People almost always instinctively check themselves for obvious injuries at the scene of a crash. Even if they don’t take this step automatically, first responders will typically prompt them to check themselves and others to determine if emergency medical care is necessary.
Sometimes, the people involved in crashes have obvious, visible injuries that require immediate care. Broken bones, spinal cord injuries and amputations are all obvious right at the scene of a crash. However, people can incur serious injuries that do not present immediate symptoms. Internal bleeding, traumatic brain injuries and even stable fractures can escape notice at the scene of a crash only to start manifesting symptoms later. Medical evaluation is often necessary to identify and treat invisible injuries after a wreck.
Emergency rooms don’t provide nuanced care
The people working in emergency rooms and urgent care centers must evaluate people quickly to determine if they require immediate care of some sort. This triage process is very successful in most cases at expediting medical support for those with the most significant need. However, those with invisible injuries likely won’t receive the attention to detail and careful examination they require. They may find themselves dismissed without any actual testing or medical review if they don’t have obvious symptoms.
A primary care physician could miss warning signs as well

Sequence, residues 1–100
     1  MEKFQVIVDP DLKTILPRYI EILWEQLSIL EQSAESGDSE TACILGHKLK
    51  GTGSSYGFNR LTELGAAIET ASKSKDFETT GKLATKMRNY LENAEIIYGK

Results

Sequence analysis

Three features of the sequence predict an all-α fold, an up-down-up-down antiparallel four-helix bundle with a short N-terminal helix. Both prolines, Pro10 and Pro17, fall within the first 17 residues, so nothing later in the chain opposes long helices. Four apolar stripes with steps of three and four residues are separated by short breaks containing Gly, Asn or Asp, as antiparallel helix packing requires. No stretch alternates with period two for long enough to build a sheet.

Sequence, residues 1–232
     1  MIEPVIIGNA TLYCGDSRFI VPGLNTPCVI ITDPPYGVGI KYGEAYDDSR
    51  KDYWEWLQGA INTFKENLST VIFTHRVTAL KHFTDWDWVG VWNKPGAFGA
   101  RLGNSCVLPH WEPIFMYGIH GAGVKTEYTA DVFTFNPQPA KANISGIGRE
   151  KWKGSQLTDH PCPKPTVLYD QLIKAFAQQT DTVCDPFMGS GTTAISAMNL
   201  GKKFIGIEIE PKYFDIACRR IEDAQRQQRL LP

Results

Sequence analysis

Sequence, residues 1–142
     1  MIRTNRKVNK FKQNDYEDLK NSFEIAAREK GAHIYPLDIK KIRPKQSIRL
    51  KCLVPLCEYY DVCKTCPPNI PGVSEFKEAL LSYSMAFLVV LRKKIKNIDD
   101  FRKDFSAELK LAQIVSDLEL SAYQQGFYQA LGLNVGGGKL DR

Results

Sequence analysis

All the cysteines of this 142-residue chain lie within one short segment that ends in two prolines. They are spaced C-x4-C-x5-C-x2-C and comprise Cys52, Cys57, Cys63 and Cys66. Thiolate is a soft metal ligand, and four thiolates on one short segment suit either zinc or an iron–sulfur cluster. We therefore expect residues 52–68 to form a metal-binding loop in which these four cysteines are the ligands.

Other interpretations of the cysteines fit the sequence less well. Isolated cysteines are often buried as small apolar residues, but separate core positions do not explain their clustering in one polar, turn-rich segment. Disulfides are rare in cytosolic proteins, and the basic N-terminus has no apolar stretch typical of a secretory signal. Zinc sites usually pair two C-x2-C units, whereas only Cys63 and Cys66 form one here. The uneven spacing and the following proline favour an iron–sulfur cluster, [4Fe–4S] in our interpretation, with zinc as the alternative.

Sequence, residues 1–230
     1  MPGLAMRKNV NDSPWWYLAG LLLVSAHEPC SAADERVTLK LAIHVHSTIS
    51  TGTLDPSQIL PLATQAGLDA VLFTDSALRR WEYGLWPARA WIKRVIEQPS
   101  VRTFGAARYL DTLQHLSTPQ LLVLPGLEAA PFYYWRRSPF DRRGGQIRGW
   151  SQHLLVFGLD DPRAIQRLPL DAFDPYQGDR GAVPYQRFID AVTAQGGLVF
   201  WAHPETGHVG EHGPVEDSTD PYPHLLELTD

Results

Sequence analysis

Simply making an appointment with the same doctor someone sees for their annual physical often isn’t the best response to a car crash. General practice physicians may struggle to identify invisible injuries and may not order the necessary testing to properly evaluate someone.
An internal medicine doctor is a specialist who has the right diagnostic skills and tools to help those involved in a serious crash. An internist or internal medicine specialist is a physician whose area of expertise involves the unseen inner body. Therefore, they have the unique knowledge and medical tools required to properly evaluate people for internal, invisible injuries.
The bodily injury insurance coverage available after a crash can potentially cover the cost of seeking an evaluation from an internal medicine specialist. Their timely diagnosis of serious medical issues that aren’t visible after a cursory physical examination could help someone get the treatment they require to avoid lasting medical consequences and may also help someone more effectively pursue insurance coverage and other compensation to cover their costs.
Knowing what kind of support is necessary after a motor vehicle collision can help people more effectively protect themselves both financially and medically.